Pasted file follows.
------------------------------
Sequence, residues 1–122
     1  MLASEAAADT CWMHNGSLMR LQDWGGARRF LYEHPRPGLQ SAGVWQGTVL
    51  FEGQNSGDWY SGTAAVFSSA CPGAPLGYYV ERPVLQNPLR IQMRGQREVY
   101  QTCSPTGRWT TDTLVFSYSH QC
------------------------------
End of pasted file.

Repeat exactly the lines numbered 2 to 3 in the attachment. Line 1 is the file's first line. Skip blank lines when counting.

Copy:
     1  MLASEAAADT CWMHNGSLMR LQDWGGARRF LYEHPRPGLQ SAGVWQGTVL
    51  FEGQNSGDWY SGTAAVFSSA CPGAPLGYYV ERPVLQNPLR IQMRGQREVY